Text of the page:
Towards Space Sustainability
This November we visited the Industry and Smallsats conferences at Space Tech Expo Europe 2021 in Bremen, Germany, where space sustainability was one of the key themes.
We learned a lot about agency advances, technological innovation, new launchers, on-orbit servicing, in-space infrastructure construction, and other themes. One of the panels discussed sustainable space technologies and we are happy to share an expert view on this pressing issue.
What is Space Sustainability?
Space debris and space traffic management continue to be two of the most important concerns confronting in-space operations today. The increasing number of objects in orbit increases the chance of collision and other possible risks both in space and on the ground. In addition to governmental steps to solve this issue, space technology businesses are developing pioneering breakthroughs to assist the sustainable use of space, such as deorbiting, lifespan extension, and in-orbit servicing. Incorporating these principles will not only promote a more sustainable environment but will also give business longevity in an ever-greening industry.
What do the Experts think?
As a huge concern is caused by large constellations, experts agree on the importance of the recently launched Net Zero Space initiative, aiming to achieve sustainable use of outer space by 2030. As examples of technologies to be used in order to achieve this, more attention should be paid to the development and application of mitigation technologies, including active debris removal, life extension of spacecraft, and in situ space situational awareness to monitor debris.
We are currently confronted with policy issues rather than a shortage of technologies. The above-mentioned innovations should be less expensive in order to be successful and widely used. Governments should take a policy action on this. Notably, the sector is more willing than ever to collaborate in the development of rules to assist advance the problem of space traffic management and space debris. On a fundamental level, we can observe that regulation adds value to the process: no one disputes traffic laws in order to avert tragedies on busy roads. Due to technical lag, it was difficult to implement sustainability, space traffic, and debris regulations in the past, but the present state of the art allows us to develop a balance between technology and policy while not overregulating this sensitive business.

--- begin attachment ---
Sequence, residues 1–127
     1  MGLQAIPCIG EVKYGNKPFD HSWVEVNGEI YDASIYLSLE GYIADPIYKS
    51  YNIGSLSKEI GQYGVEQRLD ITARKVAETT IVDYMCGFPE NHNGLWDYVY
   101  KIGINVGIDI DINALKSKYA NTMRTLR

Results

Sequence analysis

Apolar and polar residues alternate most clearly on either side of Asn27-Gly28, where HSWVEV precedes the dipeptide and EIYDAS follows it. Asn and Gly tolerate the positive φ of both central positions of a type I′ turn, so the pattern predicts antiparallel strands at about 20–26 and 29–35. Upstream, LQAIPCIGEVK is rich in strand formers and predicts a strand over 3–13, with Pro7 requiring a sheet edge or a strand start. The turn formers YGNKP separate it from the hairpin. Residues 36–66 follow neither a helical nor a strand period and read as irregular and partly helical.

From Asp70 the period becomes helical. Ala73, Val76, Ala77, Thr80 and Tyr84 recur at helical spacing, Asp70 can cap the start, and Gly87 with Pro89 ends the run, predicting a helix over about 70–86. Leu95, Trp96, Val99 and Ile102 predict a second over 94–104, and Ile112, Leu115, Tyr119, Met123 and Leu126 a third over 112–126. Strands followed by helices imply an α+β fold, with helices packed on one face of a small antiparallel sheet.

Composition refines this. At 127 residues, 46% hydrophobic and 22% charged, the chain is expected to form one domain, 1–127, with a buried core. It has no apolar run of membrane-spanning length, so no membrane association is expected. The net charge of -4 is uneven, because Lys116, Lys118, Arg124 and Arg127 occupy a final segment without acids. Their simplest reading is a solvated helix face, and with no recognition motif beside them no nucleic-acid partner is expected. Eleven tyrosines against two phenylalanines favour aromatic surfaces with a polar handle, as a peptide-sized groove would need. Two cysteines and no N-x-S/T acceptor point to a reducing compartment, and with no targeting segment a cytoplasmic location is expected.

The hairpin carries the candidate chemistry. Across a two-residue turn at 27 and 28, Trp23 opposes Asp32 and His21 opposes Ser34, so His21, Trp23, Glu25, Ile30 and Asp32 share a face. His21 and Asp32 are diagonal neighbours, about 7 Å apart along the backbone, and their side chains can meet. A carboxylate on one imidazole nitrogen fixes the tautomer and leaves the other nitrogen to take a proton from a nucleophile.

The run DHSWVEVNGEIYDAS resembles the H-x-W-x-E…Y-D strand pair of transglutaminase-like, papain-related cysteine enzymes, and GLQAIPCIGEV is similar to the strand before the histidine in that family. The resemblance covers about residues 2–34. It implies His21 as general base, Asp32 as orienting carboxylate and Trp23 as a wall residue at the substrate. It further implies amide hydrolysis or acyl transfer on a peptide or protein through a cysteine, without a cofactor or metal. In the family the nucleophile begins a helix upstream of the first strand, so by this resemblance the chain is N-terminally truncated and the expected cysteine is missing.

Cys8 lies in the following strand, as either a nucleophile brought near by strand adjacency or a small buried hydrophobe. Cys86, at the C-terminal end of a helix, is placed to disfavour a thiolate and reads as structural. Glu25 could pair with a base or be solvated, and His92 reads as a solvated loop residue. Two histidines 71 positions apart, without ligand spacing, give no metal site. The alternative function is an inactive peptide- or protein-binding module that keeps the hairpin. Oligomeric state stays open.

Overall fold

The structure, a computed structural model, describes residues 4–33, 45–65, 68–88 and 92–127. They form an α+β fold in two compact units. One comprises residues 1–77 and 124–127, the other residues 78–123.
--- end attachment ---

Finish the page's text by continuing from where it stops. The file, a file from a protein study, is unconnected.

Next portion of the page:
The noteworthy point is that, under international space law, liability for any damage created in space would be borne by the government, not the operator. As a result, governments should instruct the industry on how to function in a responsible way, enacting additional duties to clean up the environment. Before policy and pricing for mitigation improve, more drastic measures can be imposed – states may refuse authorization for a new launch until the prior satellite is removed. At the same time, even if the policy comes before business, operators should be vocal about their requirements as well as their opinions on the industry’s future.
Responsibility of the Operators
Of course, much is dependent on the operators themselves. Companies should see economic revenue as sustainable, and governments should promote such profit. Today, sustainability is also important in marketing: space is more accessible to the general public, and people, particularly the younger generation, love enterprises that implement reusable or clean technology. Operators’ involvement would be to instil caution in the sector prior to the implementation of legislation. The role of space agencies here is to communicate hazards and teach how to be technologically, ecologically, and economically sustainable. It would be ideal to see the collaboration of organizations with similar ideas in order to make an effect collectively.
There is little question that the space business has seen substantial changes in the recent decade. Given that we now have the capability and knowledge to minimize debris, the goal is for commercial and public parties to learn to coexist in order to support regulatory and technical steps in embedding space sustainability.
[…] addition to the actual 46-page McKinsey report, please see this article on space sustainability, reporting from the sessions at Space Tech Expo Europe […]